Freedom Pa mphlets.
Even Collectivists suspect that a man of forty, the father of three
children, has greater needs than a youth of twenty. They suspect
that a woman who is suckling her child and spends sleepless nights
by its cot, cannot get through so much work as a man who has
enjoyed tranquil slumber.
They seem to understand that a man or woman worn out by
having, perhaps, worked over hard for society in general may find
themselves incapable of performing so many '' deeds " as those who
take their hours of labor quietly and pocket their " notes " in the
privileged offices of State statisticians.
And they hasten to temper their principle. Oh, certainly, they
say, society will feed and bring up its children. Oh, certainly it will
assist the old and infirm. Oh, certainly needs not deeds will be the
measure of the cost which society will impose on itself to temper
the principle of deeds.
What, Charity ? Yes, our old friend, " Christian Charity,"
organised by the State.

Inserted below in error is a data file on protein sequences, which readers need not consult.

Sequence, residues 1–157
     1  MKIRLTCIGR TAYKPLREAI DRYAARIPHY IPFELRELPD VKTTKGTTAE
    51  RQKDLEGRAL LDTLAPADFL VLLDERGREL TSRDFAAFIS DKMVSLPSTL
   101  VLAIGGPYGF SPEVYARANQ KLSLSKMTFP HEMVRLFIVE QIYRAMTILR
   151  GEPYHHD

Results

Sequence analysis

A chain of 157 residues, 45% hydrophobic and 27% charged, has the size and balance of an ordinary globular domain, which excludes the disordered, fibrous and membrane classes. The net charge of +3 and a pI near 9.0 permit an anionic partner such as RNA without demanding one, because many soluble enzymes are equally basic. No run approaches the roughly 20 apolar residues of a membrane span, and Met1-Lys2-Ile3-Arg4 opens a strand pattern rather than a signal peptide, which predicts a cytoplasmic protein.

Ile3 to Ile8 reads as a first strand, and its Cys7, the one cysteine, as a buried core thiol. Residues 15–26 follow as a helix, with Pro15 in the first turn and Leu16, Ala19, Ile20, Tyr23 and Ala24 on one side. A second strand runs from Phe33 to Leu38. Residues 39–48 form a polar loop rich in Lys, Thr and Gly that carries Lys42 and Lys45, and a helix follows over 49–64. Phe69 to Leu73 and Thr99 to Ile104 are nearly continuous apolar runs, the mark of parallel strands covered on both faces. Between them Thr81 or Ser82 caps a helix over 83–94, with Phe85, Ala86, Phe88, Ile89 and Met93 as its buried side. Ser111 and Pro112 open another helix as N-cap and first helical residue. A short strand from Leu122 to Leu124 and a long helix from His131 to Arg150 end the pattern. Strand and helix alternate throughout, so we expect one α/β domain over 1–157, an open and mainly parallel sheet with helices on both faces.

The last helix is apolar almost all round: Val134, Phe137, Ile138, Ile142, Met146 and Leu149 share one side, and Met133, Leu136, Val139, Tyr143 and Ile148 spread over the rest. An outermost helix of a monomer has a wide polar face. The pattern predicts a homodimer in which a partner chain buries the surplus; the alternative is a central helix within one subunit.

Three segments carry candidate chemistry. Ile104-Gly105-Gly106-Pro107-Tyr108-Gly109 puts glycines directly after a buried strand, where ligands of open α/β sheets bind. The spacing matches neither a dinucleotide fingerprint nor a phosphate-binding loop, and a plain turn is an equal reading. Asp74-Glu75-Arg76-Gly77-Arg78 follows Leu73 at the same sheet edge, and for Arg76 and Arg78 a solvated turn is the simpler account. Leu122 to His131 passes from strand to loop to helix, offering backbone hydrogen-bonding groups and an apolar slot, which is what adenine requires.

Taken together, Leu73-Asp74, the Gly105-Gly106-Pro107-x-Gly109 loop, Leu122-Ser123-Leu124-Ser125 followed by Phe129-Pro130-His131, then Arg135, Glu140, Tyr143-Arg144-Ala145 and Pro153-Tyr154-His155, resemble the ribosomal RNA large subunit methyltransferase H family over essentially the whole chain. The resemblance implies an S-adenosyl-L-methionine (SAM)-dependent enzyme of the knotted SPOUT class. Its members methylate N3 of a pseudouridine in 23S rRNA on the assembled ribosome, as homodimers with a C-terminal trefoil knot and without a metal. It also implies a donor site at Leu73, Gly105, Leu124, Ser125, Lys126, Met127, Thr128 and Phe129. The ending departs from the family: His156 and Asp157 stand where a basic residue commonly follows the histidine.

Improve the foundling hospital, organise insurance against age
and sickness, and the principle of deeds will be "tempered.1' " Wound
that they may heal," they can get no further.
Thus, then, after having, forsworn Communism, after having
sneered at their ease at the formula, " To each according to his
needs," is it rot obvious that they, the great economists, also perceive that they have forgotten something, i.e., the needs of the
producers ? And thereupon they hasten to recognise these needs.
Only it is to be the State by which they are to be estimated ; it is
to be the State which will undertake to find out if needs are disproportionate to deeds.
It is to be the State that will give alms to him who is willing to
recognise his inferiority. From thence to the Poor Law and the
Workhouse is but a stone's throw.
There is but a stone's throw, for even this step-mother of a society,
against which we are in revolt, has found it necessary to temper
its individualistic principle. It too has had to make concessions irr
a Communistic sense, and in this same form of charity.
It also distributes halfpenny dinners to pi-event the pillage of its
shops. It also builds hospitals, often bad enough, but sometimes
.splendid, to prevent the ravages of contagious disease. It also.
after having paid for nothing but the hours of labor, receives the
-children of those whom it has itself reduced to the extremity of
distress. It also takes account of needs—as a charity.
Poverty, the existence of the poor, was the first cause of riches.
This it was which created the earliest capitalist. For, before the